IF this weather continues there's a fair chance that Turin Brakes' biggest hit Pain Killer (Summer Rain) could be extremely apt at the Lyme Regis Folk Festival.

But Ollie Knights of the band says a return trip to Dorset to play at the festival for the second time will be a pleasure whatever the weather.

Chirpy Ollie, who has just bid his children farewell as they set off for a day trip to Bridport, tells me the festival is a firm favourite with the band.

"We came two years ago for the festival and turned it into a bit of a mini holiday for ourselves in Lyme Regis, we took a few friends and we went down to the beach to hang out.

"This time we're going to be bringing the kids."

I mention to Ollie that he might like to take his children fossil-hunting while he's here.

"That's very interesting," he enthuses.

"I was talking to a geologist the other day at a barbecue and he was saying how good the fossil hunting is there.

"I think I would much prefer the girls to be geologists than musicians!"

Fifteen years ago life was crazy for Olly and his bandmate Gale Paridjanian.

The two childhood friends experienced mainstream success in the early part of this century, with Turin Brakes enjoying a top five hit with Painkiller and their second album Ether Song reaching number four in the UK Albums Chart.

Since those days the duo has become a foursome, with Rob Allum and Eddy Myer now joining the band on stage.

No longer part of a large record label, Turin Brakes are in the midst of arranging a new record deal for the release of their new album, their seventh, and handle all their own publicity and appearances.

Is this kind of lower profile a preferable existence? I ask.

"There's positives and minuses to the whole thing," Ollie says.

"We're now very in control of what we do.

"It would be a thrill to pop back up on the radar to a wider audience, even for five minutes, I'm not going to lie.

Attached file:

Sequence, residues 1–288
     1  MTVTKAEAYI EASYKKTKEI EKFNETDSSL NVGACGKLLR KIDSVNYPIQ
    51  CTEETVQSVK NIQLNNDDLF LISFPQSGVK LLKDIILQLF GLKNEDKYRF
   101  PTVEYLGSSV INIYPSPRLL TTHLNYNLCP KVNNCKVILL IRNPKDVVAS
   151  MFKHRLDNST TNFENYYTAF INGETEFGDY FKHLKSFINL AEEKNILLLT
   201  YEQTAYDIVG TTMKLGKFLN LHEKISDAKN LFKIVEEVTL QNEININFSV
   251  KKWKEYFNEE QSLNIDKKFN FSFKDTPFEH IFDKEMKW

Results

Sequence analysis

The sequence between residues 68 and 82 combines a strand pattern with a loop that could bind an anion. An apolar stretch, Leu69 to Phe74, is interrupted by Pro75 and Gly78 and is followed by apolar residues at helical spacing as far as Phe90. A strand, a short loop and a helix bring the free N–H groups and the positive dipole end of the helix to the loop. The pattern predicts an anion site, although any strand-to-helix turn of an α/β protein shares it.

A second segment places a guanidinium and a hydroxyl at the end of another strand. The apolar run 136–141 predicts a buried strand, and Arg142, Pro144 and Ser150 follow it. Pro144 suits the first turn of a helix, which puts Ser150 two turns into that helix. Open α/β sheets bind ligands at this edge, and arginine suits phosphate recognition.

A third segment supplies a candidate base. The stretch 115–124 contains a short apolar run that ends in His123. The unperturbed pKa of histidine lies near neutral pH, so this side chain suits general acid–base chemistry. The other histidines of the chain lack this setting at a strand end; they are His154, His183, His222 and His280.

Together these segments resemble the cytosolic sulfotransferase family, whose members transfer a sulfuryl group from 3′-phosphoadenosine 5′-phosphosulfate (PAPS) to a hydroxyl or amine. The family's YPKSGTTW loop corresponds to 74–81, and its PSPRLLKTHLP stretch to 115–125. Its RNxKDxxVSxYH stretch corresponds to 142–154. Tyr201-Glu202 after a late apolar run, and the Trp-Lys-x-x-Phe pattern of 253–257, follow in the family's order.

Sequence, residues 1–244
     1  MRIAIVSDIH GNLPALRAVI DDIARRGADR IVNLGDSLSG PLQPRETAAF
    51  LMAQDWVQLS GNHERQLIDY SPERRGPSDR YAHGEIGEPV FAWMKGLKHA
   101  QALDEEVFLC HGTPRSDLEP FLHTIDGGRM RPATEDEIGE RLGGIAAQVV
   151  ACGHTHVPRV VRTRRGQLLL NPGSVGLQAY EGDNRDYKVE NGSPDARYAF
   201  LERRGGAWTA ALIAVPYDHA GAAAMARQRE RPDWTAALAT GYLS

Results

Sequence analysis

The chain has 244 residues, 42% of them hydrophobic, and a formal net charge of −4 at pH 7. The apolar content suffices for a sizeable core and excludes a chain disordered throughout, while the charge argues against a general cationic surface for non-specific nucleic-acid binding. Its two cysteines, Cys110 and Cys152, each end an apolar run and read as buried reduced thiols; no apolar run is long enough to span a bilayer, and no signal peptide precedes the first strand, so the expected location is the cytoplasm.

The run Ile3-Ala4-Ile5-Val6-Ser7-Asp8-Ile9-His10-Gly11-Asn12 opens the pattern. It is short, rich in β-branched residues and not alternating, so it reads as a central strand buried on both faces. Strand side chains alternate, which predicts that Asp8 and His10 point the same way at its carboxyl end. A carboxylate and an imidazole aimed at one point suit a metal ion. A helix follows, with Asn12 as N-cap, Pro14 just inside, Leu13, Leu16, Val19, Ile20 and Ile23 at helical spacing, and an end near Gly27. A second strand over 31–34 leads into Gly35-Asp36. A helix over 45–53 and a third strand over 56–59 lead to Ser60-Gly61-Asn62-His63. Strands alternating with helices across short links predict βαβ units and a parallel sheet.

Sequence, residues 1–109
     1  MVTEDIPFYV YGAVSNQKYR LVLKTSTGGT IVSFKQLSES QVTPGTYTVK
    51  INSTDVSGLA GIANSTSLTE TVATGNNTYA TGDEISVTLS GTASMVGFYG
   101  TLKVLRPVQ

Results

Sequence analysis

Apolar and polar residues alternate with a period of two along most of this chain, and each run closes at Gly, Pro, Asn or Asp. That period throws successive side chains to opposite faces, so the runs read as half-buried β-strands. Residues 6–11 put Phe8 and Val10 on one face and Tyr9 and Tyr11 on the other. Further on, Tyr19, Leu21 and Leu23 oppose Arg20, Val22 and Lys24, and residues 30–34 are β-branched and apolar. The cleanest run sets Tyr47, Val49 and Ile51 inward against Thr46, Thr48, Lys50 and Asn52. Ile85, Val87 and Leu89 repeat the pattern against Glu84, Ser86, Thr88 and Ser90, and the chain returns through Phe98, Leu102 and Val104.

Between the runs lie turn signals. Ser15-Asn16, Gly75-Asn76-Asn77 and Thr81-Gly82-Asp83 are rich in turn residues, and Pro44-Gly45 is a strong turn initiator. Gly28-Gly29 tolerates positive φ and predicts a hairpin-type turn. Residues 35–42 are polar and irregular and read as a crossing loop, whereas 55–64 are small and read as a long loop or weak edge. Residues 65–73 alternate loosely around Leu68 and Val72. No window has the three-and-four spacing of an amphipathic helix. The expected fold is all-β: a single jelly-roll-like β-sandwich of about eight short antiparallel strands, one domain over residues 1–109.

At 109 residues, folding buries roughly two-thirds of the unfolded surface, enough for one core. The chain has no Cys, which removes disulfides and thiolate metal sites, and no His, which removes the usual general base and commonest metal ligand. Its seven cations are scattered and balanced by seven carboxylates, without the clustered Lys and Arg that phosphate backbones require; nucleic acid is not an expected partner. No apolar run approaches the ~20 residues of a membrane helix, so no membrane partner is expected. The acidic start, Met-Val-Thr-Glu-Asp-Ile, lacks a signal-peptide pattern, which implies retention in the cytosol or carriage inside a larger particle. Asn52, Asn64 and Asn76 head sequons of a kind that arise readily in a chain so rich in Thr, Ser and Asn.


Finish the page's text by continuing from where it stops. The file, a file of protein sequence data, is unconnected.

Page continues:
"But now we have the chance to be much more sporadic and individual.

"I think the way the music industry is now is great for music fans, you can pick out what you want and you don't have to spend £14 on a CD to find out you don't like a band."

The band's seventh album should be released early next year and recent times and experiences have been crucial to the band's current sound, Ollie says.

"The last few years have been really good.

"The band members have galvanised together and it's a very well oiled machine.

"The processes have been refined and there's better understanding.

"We Were Here, our sixth album, was the first album we made as a refreshed band and this next album is the next stage, it's a progression.

"It's a little bit less retro."

Ollie has recorded material as a solo artist, but is so busy working with the band and co-writing for others that it is hard to foresee a return to it, he says.

"It bugs me constantly as I really want to develop that a bit more.

"We do so much co-writing with other artists, I'm really waiting for the penny to drop and for me to realise how much I miss it so I can do it again.

"The stuff has only been a tiny release on our little label but people really seem to have enjoyed it and they've come up to talk to me about it. It's lovely."

Surprisingly Ollie has written for pop acts like Mel C and Take That.

"We've also been working with some up and coming artists.

"It's very to see them at the beginning of their career - we learn so much from them and we've come up with some new ways of working as a result."

Another entry on Ollie's to-do list is film scores. He attended film school and has ambition to work in the industry.

"Making films was my first love and it has always affected me as a songwriter.

"I have always kept a bit of a toe in the water with it, and my wife is a film maker.

"It's something I would love to get back into."

But rest assured for fans of Turin Brakes, the band have no plans to wind things up yet.

Ollie said: "Things were much more fractious at the beginning when we were younger and had no experience to rely on.

"It's been great having Rob and Eddy joining us in the band and you have to give them their dues, they've been involved since 2001.

"It's brilliant having them all there, they're like the buffer zones to bounce ideas off."

And for those planning on seeing Turin Brakes in Lyme, there will still be a lot of the older material that first brought the band to public attention, Ollie says.

"We don't mess about, we give them what they want - a selection of greatest hits over the years and a smattering of new stuff.

"We make sure each show has a separate identity and takes on a different musical feeling without being completely rigid."

*Turin Brakes will be performing at the Marine Theatre, Lyme Regis on Friday August 21 as part of the Lyme Folk Weekend. See lymefolk.com for ticket information.